Another one bites the microplastic! The impacts of microplastic exposure on the condition and anti-predator behaviour of coral reef fish
|dc.contributor.author||Mannering, Amelia Maude|
|dc.identifier.citation||Mannering, A. M. (2021). Another one bites the microplastic! The impacts of microplastic exposure on the condition and anti-predator behaviour of coral reef fish (Thesis, Master of Science). University of Otago. Retrieved from http://hdl.handle.net/10523/12267||en|
|dc.description.abstract||The increased use and rapid disposal of plastic products is leading to the widespread accumulation of plastic debris in marine ecosystems. As plastics breakdown, they are often mistaken as a food source leading to mechanically derived internal damage through abrasion, ulcers and digestive congestion resulting in a loss in body condition. In addition to direct ingestion of plastics is the potential threat of exposure to highly toxic chemicals that are used during the manufacturing of plastics. Exposure to these chemicals can induce adverse effects and maladaptive behavioural changes in organisms. However, little is known about the sub-lethal effects of microplastic exposure on the behaviour, olfactory ability and health of coral reef fishes. To investigate this, we exposed Spiny chromis damselfish (Acanthochromis polyacanthus) and Ambon damselfish (Pseudochromis amboinensis) recruits to a range of different plastic particles to quantify changes in behaviours important for successful recruitment. Using a standardised test to quantify escape and swimming performance, we found that when A. polyacanthus were exposed to plastic particles, the kinematic behaviours that underpin successful predator evasion were altered indicating that microplastic exposure could lead to higher predation rates. These changes were largely driven by an inability to recognise chemical alarm cues as an indication of risk. In addition to microplastic induced changes in anti-predator behaviour, biomarkers associated with oxidative damage, oxidative stress and antioxidant metabolism also indicated that microplastic exposure has a negative effect on the health of the fish. Additionally, A. polyacanthus and P. amboinensis exposed to DEHP microplastics, showed the greatest levels of oxidative stress and damage. Interestingly, predation rate of P. amboinensis individuals did not differ between microplastic treatments during mesocosm survival trials when exposed to predator fish P. fuscus. Overall, these changes suggest that microplastic pollution on coral reefs could have potential ecological ramifications in coral reef ecosystems.|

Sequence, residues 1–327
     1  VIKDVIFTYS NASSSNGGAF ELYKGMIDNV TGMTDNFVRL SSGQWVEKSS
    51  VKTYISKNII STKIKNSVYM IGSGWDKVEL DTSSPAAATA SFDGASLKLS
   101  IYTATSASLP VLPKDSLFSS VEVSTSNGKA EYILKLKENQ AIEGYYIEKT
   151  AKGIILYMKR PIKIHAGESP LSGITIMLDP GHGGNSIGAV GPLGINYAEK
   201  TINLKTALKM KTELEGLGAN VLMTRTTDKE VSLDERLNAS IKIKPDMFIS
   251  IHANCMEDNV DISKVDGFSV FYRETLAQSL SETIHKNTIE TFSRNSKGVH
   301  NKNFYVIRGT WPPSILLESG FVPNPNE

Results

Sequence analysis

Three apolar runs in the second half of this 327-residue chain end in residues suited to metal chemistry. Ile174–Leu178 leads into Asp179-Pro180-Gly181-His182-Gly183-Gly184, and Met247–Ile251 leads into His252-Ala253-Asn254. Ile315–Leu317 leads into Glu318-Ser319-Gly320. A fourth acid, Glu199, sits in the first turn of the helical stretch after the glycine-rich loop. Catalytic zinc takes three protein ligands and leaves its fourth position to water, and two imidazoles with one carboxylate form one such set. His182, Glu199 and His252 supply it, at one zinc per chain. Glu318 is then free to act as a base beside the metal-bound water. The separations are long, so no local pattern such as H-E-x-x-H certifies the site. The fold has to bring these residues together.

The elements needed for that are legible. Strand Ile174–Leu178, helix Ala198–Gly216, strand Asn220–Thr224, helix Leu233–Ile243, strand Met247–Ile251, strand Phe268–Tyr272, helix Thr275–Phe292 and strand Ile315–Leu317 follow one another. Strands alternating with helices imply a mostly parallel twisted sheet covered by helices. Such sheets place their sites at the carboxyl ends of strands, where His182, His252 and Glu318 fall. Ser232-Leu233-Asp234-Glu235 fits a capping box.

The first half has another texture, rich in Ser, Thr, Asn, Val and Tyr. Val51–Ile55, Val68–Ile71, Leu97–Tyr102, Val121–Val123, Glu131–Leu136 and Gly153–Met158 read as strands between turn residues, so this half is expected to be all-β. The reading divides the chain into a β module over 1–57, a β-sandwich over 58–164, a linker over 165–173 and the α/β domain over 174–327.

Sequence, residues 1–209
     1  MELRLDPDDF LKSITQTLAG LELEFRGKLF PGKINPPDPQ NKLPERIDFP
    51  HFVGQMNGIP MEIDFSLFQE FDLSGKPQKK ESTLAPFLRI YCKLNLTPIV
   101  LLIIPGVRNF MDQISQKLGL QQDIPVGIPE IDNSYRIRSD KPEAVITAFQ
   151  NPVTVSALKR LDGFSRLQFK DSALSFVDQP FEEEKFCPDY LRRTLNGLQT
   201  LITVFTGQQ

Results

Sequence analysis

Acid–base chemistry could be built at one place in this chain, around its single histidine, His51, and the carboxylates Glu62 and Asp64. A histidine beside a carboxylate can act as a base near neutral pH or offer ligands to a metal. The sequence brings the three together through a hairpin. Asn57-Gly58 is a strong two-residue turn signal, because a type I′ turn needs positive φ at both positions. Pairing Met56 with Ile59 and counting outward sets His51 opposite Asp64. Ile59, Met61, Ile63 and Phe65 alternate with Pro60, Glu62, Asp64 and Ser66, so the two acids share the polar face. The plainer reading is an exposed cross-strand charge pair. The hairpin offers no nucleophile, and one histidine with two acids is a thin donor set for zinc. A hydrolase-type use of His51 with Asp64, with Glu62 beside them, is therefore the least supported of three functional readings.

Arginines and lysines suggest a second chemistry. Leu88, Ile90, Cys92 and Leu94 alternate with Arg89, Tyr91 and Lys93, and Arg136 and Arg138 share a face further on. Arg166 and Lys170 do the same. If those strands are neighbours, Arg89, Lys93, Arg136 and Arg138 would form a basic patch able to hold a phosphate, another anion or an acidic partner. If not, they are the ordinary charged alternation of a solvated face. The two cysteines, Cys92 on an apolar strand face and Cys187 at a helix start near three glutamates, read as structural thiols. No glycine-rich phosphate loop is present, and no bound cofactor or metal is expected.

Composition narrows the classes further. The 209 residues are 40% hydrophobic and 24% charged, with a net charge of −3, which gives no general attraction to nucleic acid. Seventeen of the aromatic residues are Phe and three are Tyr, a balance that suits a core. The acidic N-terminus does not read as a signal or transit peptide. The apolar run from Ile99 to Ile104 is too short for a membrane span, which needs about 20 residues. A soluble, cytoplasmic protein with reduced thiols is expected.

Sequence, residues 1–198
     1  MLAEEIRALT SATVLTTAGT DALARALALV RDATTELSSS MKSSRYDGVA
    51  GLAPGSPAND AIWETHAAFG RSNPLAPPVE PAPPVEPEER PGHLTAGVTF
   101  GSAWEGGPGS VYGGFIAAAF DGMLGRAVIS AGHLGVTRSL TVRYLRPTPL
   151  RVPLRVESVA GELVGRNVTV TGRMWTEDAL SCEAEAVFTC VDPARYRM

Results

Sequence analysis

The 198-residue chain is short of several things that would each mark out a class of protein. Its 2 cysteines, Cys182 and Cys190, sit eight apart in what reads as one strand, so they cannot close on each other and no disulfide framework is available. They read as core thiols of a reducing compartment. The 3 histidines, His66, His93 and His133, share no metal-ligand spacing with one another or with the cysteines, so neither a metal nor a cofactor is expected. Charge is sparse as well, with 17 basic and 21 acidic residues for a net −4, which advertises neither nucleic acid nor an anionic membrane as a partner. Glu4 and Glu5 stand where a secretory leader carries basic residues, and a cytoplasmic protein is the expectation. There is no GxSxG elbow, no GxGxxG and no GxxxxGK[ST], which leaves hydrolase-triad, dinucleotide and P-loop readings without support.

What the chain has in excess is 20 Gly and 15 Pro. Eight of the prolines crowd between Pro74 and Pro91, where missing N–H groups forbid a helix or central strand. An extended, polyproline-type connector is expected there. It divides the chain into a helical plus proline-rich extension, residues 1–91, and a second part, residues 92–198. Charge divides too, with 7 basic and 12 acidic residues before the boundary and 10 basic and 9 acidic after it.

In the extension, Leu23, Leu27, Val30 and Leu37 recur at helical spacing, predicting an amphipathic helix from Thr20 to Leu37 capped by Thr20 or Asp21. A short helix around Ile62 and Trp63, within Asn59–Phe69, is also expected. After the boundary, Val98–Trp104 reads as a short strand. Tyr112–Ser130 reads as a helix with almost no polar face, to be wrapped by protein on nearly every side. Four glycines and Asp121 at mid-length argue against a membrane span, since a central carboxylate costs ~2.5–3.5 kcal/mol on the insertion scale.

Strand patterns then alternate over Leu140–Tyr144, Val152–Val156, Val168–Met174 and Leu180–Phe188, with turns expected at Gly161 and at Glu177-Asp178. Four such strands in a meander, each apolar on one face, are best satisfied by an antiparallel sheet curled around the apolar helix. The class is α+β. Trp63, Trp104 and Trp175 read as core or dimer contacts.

|dc.publisher||University of Otago|
|dc.rights||All items in OUR Archive are provided for private study and research purposes and are protected by copyright with all rights reserved unless otherwise indicated.|
|dc.subject||Great Barrier Reef|
|dc.subject||coral reef fish|
|dc.title||Another one bites the microplastic! The impacts of microplastic exposure on the condition and anti-predator behaviour of coral reef fish|
|thesis.degree.name||Master of Science|
|thesis.degree.grantor||University of Otago|
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